ORAL IRON THERAPY*—*A large number of iron-containing preparations are available for the treatment of iron deficiency anemia; some contain other minerals and vitamins, while others may be enteric-coated or have slow-release properties. The latter are especially to be avoided as they may be excreted intact in the stool or release iron too far down the intestinal tract to be maximally effective.

A number of factors can inhibit the absorption of iron salts, including the use of antacids, certain antibiotics (eg, quinolones, tetracycline), and the ingestion of iron along with cereals, dietary fiber, tea, coffee, eggs, or milk.

Choice of preparation and expected response*—*The most appropriate oral iron therapy is use of a tablet containing ferrous salts, such as: Ferrous fumarate — 106 mg elemental iron/tablet Ferrous sulfate — 65 mg elemental iron/tablet Ferrous gluconate — 28 to 36 mg iron/tablet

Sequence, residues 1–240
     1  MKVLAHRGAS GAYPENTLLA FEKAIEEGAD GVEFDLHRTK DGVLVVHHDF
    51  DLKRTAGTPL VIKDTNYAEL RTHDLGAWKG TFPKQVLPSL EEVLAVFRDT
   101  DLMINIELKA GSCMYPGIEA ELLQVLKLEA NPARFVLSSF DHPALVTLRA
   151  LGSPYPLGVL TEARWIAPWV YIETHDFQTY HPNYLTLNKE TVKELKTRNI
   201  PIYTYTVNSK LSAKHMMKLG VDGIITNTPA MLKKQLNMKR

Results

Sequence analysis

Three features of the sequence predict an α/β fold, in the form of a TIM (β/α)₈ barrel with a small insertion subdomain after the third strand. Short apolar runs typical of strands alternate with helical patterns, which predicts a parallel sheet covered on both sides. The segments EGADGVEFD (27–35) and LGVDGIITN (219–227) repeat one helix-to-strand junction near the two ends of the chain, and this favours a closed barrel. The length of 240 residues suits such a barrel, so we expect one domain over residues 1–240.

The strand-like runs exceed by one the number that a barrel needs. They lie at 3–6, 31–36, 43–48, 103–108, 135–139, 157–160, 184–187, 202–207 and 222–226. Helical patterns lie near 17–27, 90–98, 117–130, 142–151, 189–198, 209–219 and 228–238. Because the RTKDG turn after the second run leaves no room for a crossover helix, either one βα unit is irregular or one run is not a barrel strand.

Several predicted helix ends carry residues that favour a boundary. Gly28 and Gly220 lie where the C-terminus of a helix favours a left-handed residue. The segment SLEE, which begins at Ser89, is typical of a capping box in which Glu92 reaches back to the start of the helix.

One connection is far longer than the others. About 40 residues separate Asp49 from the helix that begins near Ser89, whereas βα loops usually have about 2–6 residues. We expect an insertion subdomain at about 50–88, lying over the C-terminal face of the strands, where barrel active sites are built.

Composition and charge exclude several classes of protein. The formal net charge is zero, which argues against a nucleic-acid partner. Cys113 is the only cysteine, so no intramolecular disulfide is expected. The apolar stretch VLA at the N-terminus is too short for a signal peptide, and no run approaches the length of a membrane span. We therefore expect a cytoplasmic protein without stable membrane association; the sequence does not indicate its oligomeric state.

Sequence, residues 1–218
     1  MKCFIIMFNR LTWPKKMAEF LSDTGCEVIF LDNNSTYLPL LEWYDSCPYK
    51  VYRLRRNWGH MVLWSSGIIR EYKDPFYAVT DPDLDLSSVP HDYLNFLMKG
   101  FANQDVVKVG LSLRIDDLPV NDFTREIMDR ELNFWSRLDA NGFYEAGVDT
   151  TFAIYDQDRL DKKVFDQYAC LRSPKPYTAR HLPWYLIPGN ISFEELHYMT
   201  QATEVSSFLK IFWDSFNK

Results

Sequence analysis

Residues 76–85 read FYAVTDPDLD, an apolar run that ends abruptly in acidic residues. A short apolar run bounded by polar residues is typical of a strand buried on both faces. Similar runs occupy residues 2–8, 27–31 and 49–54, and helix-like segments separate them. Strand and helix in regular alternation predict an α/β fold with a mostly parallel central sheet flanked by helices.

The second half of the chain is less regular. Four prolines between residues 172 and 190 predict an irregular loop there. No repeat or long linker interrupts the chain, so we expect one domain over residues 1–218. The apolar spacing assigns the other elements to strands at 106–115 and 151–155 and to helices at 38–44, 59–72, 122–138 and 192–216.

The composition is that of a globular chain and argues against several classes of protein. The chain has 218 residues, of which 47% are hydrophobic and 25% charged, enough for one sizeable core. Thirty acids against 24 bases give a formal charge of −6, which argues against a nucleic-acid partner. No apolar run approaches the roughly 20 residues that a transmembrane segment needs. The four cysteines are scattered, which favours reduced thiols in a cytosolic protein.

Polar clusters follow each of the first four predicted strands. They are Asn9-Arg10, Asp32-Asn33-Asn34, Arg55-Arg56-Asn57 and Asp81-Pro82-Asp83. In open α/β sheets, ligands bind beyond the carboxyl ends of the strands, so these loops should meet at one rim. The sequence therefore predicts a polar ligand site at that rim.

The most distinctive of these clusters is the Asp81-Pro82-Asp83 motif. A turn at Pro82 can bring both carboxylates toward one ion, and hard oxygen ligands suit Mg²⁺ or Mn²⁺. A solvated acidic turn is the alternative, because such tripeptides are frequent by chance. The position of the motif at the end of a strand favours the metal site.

The recommended daily dose for the treatment of iron deficiency in adults is in the range of 150 to 200 mg/day of elemental iron; there is no evidence that one iron preparation is more effective than another.

A single 325 mg ferrous sulfate tablet taken orally three times daily between meals provides 195 mg of elemental iron per day. This regimen should lead to a modest reticulocytosis beginning in approximately seven days and a rise in the hemoglobin concentration of approximately 2 g/dL over the ensuing three weeks.

Side effects*—*Approximately 10 to 20 percent of patients may complain of nausea, constipation, epigastric distress and/or vomiting after taking oral iron preparations. There are a number of treatment options for such patients: The patient may take an iron preparation containing a smaller dose of elemental iron (eg, switching from ferrous sulfate to ferrous gluconate), or may switch from a tablet to a liquid preparation, the dose of which (44 mg elemental iron per 5 mL) can be easily titrated by the patient (see "General principles" above). The patient may slowly increase the dose from one tablet per day to the recommended three to four times per day, as tolerated. The iron may be taken with meals, although this will decrease absorption somewhat